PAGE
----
You can also E-mail then by following these instructions: Make sure you select Magic Online as your product.

You can also directly E-mail Wizards Customer Service at 

And if you are willing to write a calm, rationale, polite, but heartfelt and passionate E-mail to people like Mike Turian Worth Wollpert, and Lee Sharpe, please contact me at gwyned at gmail dot com and I will be happy to share with you their addresses.  

Spread the word, make your voice heard. Do not let them do this!

Prizes Announced, Video Uploaded

The Standard Pauper Double League is shaping up to be one of the best events I have ever had the privilege of being a part of, and I'm not just saying that because it way my idea.

As I posted late last week, the biggest news for this event was Wizards of the Coast deciding to donate 24 booster packs of Battle for Zendikar. In fact, this was such a big deal that I wanted to post a video to my rarely updated YouTube channel in the hopes of catching people who don't otherwise connect with me or the Standard Pauper community. And on that video, I also posted the exact breakdown for the prizes. I linked the video below, and while it's perhaps not my best work, I would still encourage you to watch it and link it to anyone who might be interested in the event. But in case you don't want to watch the whole thing, here's how the prizes will be paid out:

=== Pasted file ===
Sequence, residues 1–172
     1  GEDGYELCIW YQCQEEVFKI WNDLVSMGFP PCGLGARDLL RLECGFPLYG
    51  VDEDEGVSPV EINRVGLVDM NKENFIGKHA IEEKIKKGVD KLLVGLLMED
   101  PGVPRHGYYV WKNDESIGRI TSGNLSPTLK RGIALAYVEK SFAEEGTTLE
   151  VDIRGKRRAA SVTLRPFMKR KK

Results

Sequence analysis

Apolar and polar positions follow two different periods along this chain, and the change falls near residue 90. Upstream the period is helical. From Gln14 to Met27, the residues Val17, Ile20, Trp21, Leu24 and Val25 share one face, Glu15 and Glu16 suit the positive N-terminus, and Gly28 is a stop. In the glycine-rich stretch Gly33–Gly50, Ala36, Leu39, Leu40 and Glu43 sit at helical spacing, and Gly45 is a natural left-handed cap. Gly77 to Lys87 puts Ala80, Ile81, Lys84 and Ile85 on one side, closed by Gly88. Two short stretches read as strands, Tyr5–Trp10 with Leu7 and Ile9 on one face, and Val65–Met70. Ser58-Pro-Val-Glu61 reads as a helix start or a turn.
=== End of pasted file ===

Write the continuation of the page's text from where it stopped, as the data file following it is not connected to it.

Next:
I'm still in awe of such an amazing prize pool, and so grateful to everyone who donated or solicited donations of my behalf.

And so here's the video. I hope you find it helpful. We're already up to 44 players, but there's certainly room for many more. Let's show Wizards of the Coast just how much this community supports Standard Pauper. See you next time.

Friday, October 23, 2015

WotC Makes Major Donation for Double League

Yes, you read that right. Late yesterday afternoon, I received word that Wizards of the Coast will be donating 24 packs of Battle for Zendikar as prizes for the Standard Pauper Double League. That's almost $100 worth of value in prizes!

I have long been a proud advocate of the Standard Pauper format. I have written several articles about why I believe that this format is not only good for players but good for Wizards of the Coast as well. So this donation is a big deal. A very big deal. For the first time in our history, Wizards has taken an active step to financially support Standard Pauper.